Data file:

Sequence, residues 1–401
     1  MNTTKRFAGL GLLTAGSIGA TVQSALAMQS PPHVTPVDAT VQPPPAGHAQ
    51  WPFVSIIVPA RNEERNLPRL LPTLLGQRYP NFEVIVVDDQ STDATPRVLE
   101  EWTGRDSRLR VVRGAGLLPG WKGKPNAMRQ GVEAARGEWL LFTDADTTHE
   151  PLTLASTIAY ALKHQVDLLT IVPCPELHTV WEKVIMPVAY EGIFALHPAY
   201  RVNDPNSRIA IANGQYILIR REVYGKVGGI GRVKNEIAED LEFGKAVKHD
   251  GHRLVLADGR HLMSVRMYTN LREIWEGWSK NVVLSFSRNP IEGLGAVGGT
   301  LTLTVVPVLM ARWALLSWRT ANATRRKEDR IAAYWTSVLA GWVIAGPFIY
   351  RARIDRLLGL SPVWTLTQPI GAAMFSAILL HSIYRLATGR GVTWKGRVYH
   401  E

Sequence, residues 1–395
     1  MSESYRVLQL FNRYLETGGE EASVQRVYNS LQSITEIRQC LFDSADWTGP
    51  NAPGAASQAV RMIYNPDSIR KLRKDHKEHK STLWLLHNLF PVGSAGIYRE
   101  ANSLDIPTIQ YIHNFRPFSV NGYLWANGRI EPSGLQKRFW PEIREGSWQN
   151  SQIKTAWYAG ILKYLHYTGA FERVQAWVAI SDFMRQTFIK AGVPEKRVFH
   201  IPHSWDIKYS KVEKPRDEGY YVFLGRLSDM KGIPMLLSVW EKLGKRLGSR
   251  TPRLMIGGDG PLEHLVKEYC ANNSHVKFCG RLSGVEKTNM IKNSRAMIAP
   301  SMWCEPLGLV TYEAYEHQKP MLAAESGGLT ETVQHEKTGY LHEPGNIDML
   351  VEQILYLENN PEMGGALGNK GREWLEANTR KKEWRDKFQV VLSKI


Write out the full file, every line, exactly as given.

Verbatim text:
Sequence, residues 1–401
     1  MNTTKRFAGL GLLTAGSIGA TVQSALAMQS PPHVTPVDAT VQPPPAGHAQ
    51  WPFVSIIVPA RNEERNLPRL LPTLLGQRYP NFEVIVVDDQ STDATPRVLE
   101  EWTGRDSRLR VVRGAGLLPG WKGKPNAMRQ GVEAARGEWL LFTDADTTHE
   151  PLTLASTIAY ALKHQVDLLT IVPCPELHTV WEKVIMPVAY EGIFALHPAY
   201  RVNDPNSRIA IANGQYILIR REVYGKVGGI GRVKNEIAED LEFGKAVKHD
   251  GHRLVLADGR HLMSVRMYTN LREIWEGWSK NVVLSFSRNP IEGLGAVGGT
   301  LTLTVVPVLM ARWALLSWRT ANATRRKEDR IAAYWTSVLA GWVIAGPFIY
   351  RARIDRLLGL SPVWTLTQPI GAAMFSAILL HSIYRLATGR GVTWKGRVYH
   401  E

Sequence, residues 1–395
     1  MSESYRVLQL FNRYLETGGE EASVQRVYNS LQSITEIRQC LFDSADWTGP
    51  NAPGAASQAV RMIYNPDSIR KLRKDHKEHK STLWLLHNLF PVGSAGIYRE
   101  ANSLDIPTIQ YIHNFRPFSV NGYLWANGRI EPSGLQKRFW PEIREGSWQN
   151  SQIKTAWYAG ILKYLHYTGA FERVQAWVAI SDFMRQTFIK AGVPEKRVFH
   201  IPHSWDIKYS KVEKPRDEGY YVFLGRLSDM KGIPMLLSVW EKLGKRLGSR
   251  TPRLMIGGDG PLEHLVKEYC ANNSHVKFCG RLSGVEKTNM IKNSRAMIAP
   301  SMWCEPLGLV TYEAYEHQKP MLAAESGGLT ETVQHEKTGY LHEPGNIDML
   351  VEQILYLENN PEMGGALGNK GREWLEANTR KKEWRDKFQV VLSKI